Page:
The Friday Reminder and Prompt for SoCS May 26/18

Your Friday prompt for Stream of Consciousness Saturday is “grill.” Use it any way you’d like. Have fun!
To join in with Linda’s challenge, click below:

Grilling is not my forte, especially when it involved a foster kid who was not toeing the line.
We’d put up with lies, deceit and school truancy, but there is a line and this kid went WAY over it.

We all like to look smart but you don’t wear fishnet tights, high heels, mini skirt and low cut top to go babysitting.
I made her change.
The boyfriend called and together they walked to the bus stop.
The boyfriend’s mother rang me later to ask what time we were going to drop their son off home after the party.
What party? and why were we playing taxi? I had to tell her I knew nothing about it and believed the two were babysitting elsewhere. She wasn’t impressed.

Midnight came, and no teenager. Partner went to bed leaving me to deal with it.
One am. Still no sign, not even a phone call.
Two am. Finally a car drew up and she alighted.
I met her at the door, and she knew she was in trouble.
I told her to wait for me in the lounge and made tea.
How do you grill someone on their whereabouts and behaviour when your job was to be supportive, provide shelter and security, and give these kids a sense of purpose, trust and love to the best of your ability?

It was unclear whether they were babysitting or at a party, but during the course of the evening he wanted to take their relationship to the ‘next level’.
Now we were getting personal and intrusive to her privacy, something I had promised to respect.
I was aghast that she appeared to know nothing about how babies were made let alone contraception, despite her age and the reasons she was in care to begin with.
It was sad really, or she was playing me.

By 3am I had established they had not gone ‘all the way’, despite his assurances that he could not make her pregnant. I was curious how he could guarantee that.
‘Because he eats a lot of polo mints,’ she replied.
Apart from keeping them balanced on the end, I could not see how that would work, and by 4am she had a more accurate understanding of ‘young love’, responsibility, the good bits and the pitfalls.
By 4.30, we had agreed for her to see her Social Worker for permission to put her on The Pill, then retired to bed. I was shattered and it didn’t help when Partner decided to grill me as to the outcome.

I do not regret my fostering days which were the most rewarding time of my life. As carers, you took the rough with the smooth, but I always tried to be fair and treat them with respect, something I expected in return.
This one turned out to be my last placement.

About pensitivity101

I am a retired number cruncher with a vivid imagination and wacky sense of humour which extends to short stories and poetry. I love to cook and am a bit of a dog whisperer as I get on better with them than people sometimes! We have recently lost our beloved dog Maggie who adopted us as a 7 week old pup in March 2005. We decided to have a photo put on canvas as we had for her predecessor Barney, and now have three pictures of our fur babies on the wall as we found a snapshot of my GSD so had hers done too. From 2014 to 2017 'Home' was a 41 foot narrow boat where we made strong friendships both on and off the water. We were close to nature enjoying swan and duck families for neighbours, and it was a fascinating chapter in our lives. We now reside in a small bungalow on the Lincolnshire coast where we have forged new friendships and interests.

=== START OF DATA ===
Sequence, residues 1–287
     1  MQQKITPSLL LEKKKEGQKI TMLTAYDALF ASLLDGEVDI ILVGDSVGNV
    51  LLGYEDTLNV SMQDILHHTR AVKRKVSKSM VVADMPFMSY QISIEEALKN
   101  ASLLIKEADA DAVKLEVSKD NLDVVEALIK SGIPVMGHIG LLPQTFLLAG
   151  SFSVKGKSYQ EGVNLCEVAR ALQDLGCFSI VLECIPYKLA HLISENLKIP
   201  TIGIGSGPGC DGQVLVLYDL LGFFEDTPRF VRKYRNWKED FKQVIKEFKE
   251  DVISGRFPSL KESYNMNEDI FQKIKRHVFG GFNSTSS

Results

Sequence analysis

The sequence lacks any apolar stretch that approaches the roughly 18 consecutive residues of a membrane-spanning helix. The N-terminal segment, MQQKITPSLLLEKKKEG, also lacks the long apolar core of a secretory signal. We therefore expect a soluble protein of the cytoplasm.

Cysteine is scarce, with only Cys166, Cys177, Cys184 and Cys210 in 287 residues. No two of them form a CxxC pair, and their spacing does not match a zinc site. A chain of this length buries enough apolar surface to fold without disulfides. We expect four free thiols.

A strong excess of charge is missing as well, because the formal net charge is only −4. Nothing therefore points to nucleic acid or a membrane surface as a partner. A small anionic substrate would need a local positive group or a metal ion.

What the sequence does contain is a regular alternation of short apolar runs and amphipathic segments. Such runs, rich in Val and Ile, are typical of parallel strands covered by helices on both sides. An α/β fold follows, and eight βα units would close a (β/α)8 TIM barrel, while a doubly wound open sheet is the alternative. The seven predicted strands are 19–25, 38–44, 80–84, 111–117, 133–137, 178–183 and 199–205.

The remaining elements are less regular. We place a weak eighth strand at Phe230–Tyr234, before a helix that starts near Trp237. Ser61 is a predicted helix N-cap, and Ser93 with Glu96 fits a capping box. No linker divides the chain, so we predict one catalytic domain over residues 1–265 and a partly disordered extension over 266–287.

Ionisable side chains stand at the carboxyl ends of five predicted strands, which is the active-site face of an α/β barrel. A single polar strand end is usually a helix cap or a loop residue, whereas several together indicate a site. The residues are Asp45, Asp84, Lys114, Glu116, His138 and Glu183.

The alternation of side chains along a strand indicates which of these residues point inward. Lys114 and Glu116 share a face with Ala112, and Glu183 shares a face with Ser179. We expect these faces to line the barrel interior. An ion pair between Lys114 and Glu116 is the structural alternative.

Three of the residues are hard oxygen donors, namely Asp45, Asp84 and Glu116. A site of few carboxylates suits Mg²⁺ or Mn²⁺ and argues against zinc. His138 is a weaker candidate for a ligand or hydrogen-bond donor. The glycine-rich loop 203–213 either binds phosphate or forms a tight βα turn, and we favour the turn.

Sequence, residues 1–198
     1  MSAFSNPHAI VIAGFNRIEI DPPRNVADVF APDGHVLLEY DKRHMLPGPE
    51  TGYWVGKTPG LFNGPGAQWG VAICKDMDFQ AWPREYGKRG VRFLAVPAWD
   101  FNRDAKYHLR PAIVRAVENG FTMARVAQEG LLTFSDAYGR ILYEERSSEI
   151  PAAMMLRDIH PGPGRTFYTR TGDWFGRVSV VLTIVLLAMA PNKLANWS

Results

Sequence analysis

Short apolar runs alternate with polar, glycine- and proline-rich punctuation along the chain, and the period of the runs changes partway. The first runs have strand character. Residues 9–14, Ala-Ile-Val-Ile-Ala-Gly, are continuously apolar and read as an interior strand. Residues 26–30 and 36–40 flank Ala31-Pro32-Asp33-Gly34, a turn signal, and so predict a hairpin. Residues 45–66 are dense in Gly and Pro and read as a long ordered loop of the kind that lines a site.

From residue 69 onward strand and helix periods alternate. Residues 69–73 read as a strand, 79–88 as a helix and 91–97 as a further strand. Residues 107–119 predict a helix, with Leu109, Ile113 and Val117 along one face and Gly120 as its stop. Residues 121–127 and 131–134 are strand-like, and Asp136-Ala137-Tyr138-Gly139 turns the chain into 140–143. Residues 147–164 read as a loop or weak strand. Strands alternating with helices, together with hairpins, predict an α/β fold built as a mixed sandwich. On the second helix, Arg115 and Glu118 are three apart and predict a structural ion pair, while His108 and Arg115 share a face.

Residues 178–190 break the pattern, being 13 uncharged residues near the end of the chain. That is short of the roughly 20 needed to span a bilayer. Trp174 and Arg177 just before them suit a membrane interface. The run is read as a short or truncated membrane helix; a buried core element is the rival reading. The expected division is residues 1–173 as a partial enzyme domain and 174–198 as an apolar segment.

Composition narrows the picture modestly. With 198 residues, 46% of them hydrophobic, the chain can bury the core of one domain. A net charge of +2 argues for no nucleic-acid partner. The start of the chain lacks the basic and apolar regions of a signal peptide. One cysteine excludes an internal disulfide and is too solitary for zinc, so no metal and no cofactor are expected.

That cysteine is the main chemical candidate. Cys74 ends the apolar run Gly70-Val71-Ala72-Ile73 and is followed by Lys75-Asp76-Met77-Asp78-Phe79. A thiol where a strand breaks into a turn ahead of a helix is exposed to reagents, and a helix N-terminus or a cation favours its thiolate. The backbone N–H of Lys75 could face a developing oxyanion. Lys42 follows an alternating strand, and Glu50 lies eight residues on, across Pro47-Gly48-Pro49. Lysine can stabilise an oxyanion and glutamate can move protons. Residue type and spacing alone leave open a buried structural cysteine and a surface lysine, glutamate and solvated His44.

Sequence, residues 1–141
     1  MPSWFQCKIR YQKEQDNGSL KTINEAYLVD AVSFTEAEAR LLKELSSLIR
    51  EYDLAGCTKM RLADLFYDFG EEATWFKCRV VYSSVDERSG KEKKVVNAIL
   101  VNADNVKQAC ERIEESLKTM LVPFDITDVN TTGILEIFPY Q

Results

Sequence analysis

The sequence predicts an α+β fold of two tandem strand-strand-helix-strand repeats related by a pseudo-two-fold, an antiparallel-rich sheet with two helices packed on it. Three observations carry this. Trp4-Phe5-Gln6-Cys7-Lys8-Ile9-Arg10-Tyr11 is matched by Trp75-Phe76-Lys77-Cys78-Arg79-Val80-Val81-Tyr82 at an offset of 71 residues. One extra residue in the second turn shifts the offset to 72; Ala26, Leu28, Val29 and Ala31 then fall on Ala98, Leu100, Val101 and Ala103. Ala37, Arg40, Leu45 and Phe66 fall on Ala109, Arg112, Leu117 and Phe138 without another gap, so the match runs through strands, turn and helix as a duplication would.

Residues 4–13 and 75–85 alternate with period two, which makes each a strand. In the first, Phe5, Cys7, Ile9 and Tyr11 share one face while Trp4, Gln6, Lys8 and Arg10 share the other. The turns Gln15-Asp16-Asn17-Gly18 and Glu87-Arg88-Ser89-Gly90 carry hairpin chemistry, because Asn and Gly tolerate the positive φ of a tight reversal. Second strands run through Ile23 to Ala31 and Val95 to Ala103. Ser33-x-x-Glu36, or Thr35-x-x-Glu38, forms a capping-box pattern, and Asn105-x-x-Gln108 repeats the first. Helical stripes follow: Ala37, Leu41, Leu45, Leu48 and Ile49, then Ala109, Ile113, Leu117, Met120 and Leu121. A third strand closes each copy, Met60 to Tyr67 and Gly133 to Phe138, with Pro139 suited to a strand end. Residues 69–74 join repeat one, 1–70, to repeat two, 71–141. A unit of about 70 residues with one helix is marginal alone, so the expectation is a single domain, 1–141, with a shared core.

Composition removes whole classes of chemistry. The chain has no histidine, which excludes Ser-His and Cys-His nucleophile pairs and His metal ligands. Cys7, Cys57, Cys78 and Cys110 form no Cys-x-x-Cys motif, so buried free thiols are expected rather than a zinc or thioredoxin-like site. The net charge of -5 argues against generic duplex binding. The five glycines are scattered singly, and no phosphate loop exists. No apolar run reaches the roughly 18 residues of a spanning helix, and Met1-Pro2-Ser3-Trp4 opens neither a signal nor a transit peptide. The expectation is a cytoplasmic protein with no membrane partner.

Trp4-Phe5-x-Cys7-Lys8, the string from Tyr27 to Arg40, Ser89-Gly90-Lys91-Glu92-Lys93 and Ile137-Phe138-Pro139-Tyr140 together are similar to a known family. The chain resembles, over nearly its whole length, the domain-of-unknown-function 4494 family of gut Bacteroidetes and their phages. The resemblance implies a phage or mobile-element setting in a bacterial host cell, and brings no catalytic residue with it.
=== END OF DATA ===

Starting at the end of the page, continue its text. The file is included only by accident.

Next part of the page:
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6 Responses to The Friday Reminder and Prompt for SoCS May 26/18

  1. I read a lot of foster carer books – it always sounds like something so rewarding, though the problems that lead the kids into care in the first place are so awful. Even being able to do the smallest of things to help them in life seems like it would be rewarding.

    • I fostered 15 teenagers in 4 years. Basically, I had no problems. Before they even took their coats off, we laid down the house rules about trust and privacy, which applied to everyone. We had a key phrase if anyone wanted a one on one, and that was also respected. I was on the emergency rota and receive a call at 1am to ask if I could take a 14 year old who’s life had been threatened by their father. I already had the two boys and two foster kids, but made room with a bit of juggling and he was with me for 3 nights. I had kids that were in respite care for family bereavement, abused kids, kids with anger issues and one lad got in with a bad crowd, yet we all got along. Some of the stories as to how they came to be in care are heartbreaking. I’m glad I did it, and if we hadn’t had a stupid social worker, Hubby and I would have been doing it too.

  2. John Holton says:

    I don’t know how foster parents do it. I admire your patience.

    • It was frustrating at times, but I’m glad I did it. It made it all worthwhile when I received a wonderful letter from the mother of a child I had for two weeks who never had a good word to say for anyone (I still have it and it’s over 30 years old), and when my boy ‘in with the wrong crowd’ came back to see me a changed young man, I was so proud of him.

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